The Curator of Schlock $324 by Jeff Shuster

Bloody Birthday

Bad Seed times three. 

Indigo didn’t show up for our Thursday night checkers game. My housemate was nowhere to be found. I started searching the property and found his dead body tucked behind the tool shed. Too puncture marks were on his neck and I can’t help, but think that it must have been some kind of animal attack. Maybe one of those Florida panthers got him. Jervis said he’d contact the authorities and they’d take care of the body. Creepy business. Maybe I should make plans to leave, but Jervis is making Sloppy Joes this weekend. I love me some Sloppy Joes.

schlock mansion

But what I don’t like is children. Yeah, I didn’t like children when I was a child and I certainly don’t like them now that I’m a man of distinction. Children are the main focus of tonight’s feature film, 1981’s Bloody Birthday from director Ed Hunt. The movie begins with three children being delivered at a hospital during a solar eclipse, two boys and a girl. And I guess if your born right at the point of an eclipse, you’re a bad seed.

Fast forward ten years and we have a trio of miserable ten-year-olds whose idea of fun is murdering people and getting away with it. These are Debbie (Elizabeth Hoy), a blonde girl, Steven (Andy Freeman), a blond boy, and Curtis (Billy Jayne), a four-eyed little shit that I want to smack every time I see him on screen. They’re all little shits and I can only think that getting killed by them would be one of the humiliating experiences imaginable. If I have to go, let me die by that hands of a Cropsy or a Michael Myers, not this trio of despicable brats!

Their first victims are a couple of horny teenagers who thought it was a good idea to make out in an open grave. The adolescent girl gets strangled with a jump rope and the adolescent boy gets his head bashed in with a shovel. Then the children throw dirt over the grave. This doesn’t stop the town Sheriff from uncovering the bodies and determining that a killer is on the loose. And wouldn’t you know it, Sheriff Brody is Debbie’s dad.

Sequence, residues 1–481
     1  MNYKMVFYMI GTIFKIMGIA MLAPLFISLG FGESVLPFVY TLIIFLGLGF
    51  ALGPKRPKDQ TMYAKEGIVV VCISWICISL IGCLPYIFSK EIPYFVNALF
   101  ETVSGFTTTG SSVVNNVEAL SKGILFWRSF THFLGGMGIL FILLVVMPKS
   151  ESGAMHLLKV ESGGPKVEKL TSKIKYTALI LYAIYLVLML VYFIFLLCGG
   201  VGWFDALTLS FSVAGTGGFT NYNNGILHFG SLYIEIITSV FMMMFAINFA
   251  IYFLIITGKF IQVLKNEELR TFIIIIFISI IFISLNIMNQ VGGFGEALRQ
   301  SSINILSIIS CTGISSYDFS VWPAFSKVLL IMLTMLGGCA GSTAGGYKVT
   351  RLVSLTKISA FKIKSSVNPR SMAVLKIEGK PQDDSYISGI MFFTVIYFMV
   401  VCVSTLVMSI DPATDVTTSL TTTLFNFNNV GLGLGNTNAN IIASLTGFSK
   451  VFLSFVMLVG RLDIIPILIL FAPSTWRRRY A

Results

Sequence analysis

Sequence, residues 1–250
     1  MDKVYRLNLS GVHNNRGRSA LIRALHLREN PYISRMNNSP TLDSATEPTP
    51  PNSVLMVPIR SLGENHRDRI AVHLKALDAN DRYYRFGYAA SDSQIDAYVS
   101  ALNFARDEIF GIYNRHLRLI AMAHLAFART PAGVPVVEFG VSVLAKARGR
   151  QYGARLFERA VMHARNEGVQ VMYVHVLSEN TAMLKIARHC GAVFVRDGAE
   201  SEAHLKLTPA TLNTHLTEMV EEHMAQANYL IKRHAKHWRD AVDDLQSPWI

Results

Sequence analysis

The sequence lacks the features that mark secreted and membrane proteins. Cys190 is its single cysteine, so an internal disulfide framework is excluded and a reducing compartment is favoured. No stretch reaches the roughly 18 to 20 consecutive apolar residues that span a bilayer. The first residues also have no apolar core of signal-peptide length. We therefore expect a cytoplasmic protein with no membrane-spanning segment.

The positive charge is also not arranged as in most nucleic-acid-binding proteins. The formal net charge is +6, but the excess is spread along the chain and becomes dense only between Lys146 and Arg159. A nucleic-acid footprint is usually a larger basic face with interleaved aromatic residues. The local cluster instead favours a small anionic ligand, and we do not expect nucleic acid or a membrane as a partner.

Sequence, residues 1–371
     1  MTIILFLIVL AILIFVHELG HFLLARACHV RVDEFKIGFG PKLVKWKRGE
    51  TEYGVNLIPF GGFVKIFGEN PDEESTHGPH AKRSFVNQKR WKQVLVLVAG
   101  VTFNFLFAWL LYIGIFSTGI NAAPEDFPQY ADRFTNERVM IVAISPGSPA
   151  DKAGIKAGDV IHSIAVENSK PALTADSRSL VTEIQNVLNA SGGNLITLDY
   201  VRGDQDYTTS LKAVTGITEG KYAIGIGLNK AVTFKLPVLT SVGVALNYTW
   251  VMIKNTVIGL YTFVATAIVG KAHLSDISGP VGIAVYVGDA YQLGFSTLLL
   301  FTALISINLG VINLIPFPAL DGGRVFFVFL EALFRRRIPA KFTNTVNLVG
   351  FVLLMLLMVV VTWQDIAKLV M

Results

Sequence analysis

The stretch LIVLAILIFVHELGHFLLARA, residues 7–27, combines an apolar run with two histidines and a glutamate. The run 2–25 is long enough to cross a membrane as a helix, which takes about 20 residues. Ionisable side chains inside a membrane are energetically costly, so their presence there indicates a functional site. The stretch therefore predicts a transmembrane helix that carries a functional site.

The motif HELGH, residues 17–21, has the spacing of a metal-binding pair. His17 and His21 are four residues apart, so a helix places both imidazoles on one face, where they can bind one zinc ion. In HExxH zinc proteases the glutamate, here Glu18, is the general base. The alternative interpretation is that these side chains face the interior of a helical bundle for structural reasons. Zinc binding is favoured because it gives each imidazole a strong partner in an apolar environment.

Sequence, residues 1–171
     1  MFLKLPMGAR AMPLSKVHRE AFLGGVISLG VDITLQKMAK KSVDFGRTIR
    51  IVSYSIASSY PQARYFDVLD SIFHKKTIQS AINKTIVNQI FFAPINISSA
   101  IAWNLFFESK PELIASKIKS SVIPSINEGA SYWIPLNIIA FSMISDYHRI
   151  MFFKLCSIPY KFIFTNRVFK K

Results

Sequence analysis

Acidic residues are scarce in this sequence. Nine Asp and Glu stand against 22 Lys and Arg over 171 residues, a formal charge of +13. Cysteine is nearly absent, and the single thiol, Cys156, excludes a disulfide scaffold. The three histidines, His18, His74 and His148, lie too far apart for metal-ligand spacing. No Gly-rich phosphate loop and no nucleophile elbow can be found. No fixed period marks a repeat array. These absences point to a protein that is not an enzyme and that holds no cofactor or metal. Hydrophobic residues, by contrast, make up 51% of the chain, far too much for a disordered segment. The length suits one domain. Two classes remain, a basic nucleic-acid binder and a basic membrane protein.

This doesn’t stop our little Debbie from orchestrating the demise of her own father. She leaves a skateboard on the back steps to her house, but her dad just steps over it. That’s okay since Steven is at the ready to bash his brains in with a baseball bat. Curtis also gets in on the murder game by using the Sheriff’s revolver on his super strict grammar school teacher, Ms. Davis (Susan Strasberg). You see, young Curtis had a replica of a revolver that he switched out for the real thing.

The heroine of this movie is Joyce Russell (Lori Lethin), a high school senior with aspirations of becoming an investigative reporter. I think she first becomes suspicious of the bad seeds when Curtis and Stephen lock her younger brother, Timmy (K. C. Martel), in an old refrigerator at the junkyard. A night of babysitting gone to hell removes all shadow of a doubt that these kids are killers, but Joyce doesn’t kill them. She manages to subdue them in time for cops to arrive. What a disappointment. I was hoping to see Curtis get decapitated or set on fire. I wonder if there was a sequel.


Photo by Leslie Salas.

Jeff Shuster (episode 47, episode 102, episode 124, episode 131, and episode 284) is an MFA graduate from the University of Central Florida.